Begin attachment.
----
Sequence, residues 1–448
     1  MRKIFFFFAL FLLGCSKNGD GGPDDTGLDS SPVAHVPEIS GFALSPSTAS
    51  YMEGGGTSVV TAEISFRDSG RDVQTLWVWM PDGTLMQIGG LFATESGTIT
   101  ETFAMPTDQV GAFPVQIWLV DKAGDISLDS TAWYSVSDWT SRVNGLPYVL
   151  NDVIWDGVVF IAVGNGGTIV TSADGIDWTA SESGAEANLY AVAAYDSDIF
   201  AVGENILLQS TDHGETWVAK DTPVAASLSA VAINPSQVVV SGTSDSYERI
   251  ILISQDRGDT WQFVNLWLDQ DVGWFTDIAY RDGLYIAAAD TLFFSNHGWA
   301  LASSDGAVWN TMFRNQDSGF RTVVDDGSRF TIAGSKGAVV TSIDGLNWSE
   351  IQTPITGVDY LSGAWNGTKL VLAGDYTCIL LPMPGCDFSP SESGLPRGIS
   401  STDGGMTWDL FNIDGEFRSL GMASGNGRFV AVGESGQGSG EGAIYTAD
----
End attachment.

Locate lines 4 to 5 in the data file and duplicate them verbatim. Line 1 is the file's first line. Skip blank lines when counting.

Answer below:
   101  ETFAMPTDQV GAFPVQIWLV DKAGDISLDS TAWYSVSDWT SRVNGLPYVL
   151  NDVIWDGVVF IAVGNGGTIV TSADGIDWTA SESGAEANLY AVAAYDSDIF